"A handful of decaying, centuried shards . . . [their origins were] pre Triassic and their very existence, in any form other than centuried dust, was impossible to explain." — Sir Howard Windrop’s article, 1912.
"There are fabulous legends of Star Born creatures who inhabited this Earth many millions of years before Man appeared and who were still here, in certain black places, when he eventually evolved. They are, I am sure, to an extent here even now." — Sir Amery Wendy Smith’s Introduction, 1919.
The G'harne Fragments was published in 1919 in a privately-financed run of 958 copies. A humble volume of 128 pages, measuring 4-1/2 by 5-3/4 inches and bound in cheap pasteboard covers, it is a conjectural translation of strange writings found on shattered tablets first brought out of Africa by the British explorer Sir Howard Windrop. Windrop made a partial translation of the dot-formed runes, enough to convince him they were part of a larger work. Called by some "Windrop's Folly", it did not deter his colleague, Sir Amery Wendy-Smith, from making a complete translation. The same year that Wendy-Smith’s book saw publication, he led an expedition to North Africa in search of the lost city of G'harne.
The original carvings found on the shards are the ancient dot-formed hieroglyphs of the elder things. They describe the prehistory of earth from Pleistocene times to the dawn of human civilization. They tell of prehistoric cities and civilizations called Lh'Yibi, Ib, Leng, Thep-Dya, R'lyeh, and Xuthltan, and describe deities with names like Bokrug, Nug, and Yeb. Also described are the locations of several deserted Elder Thing cities, many Deep One colonies, and a secret enclave of serpent men. Star charts are also discernible, indicating the locations of Algol, Yuggoth, and the now-destroyed planet Thyoph.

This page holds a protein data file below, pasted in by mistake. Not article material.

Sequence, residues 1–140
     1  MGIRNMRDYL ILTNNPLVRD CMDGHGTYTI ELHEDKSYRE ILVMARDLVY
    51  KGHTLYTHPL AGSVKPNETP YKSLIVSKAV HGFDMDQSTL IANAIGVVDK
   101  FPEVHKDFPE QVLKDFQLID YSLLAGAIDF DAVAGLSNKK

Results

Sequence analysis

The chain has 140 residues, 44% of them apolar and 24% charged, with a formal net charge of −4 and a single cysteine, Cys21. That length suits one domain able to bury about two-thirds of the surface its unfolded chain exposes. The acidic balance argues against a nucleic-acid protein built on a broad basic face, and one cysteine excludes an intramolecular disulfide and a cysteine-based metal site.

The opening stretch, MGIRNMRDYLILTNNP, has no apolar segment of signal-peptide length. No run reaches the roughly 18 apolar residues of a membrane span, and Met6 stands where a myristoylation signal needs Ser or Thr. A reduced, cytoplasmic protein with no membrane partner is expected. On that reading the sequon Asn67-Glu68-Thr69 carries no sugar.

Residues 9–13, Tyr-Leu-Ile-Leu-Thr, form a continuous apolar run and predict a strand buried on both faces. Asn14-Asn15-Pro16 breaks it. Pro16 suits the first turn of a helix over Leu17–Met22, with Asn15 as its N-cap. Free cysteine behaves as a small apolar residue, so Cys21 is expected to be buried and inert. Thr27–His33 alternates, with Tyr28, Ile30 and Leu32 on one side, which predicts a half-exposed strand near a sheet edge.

The lost city of G’harne is discussed in the greatest detail, and a description of its location provided. Originally one of the cities of the elder things, it is now described as a place of underground burrows inhabited by crawling Chthonians led by a monstrous creature named Shudde-M’ell.
The decayed fragments of the original stone tablets are housed in the British Museum.
"Windrop’s Folly" his partial translation was published in the Journal of the Royal Antiquities Society in 1912. Highly criticized, it led to a decline in the reputation of a man previously thought an impeccable scholar. Many better libraries have copies of the issue with Windrop’s article.
The Wendy-Smith Translation
Wendy-Smith’s complete translation of the shards, titled The G'harne Fragments, is difficult to obtain. Some copies were purchased by better universities and larger public libraries, but most of these vanished in the late 1960s.
Gordon Walmsly's Notes
Gordon Walmsley published several chapters of his proposed translation in the Imperial Archaeological Journal in 1963. It was derided in the scholarly community, and were widely known as his "spoof-notes".
The Walmsley Translation
Working from Walmsley’s notes, a group of translators backed by the Wilmarth Foundation finished this translation in 1975.
Windrop's monograph and Walmsley's notes contain no spells.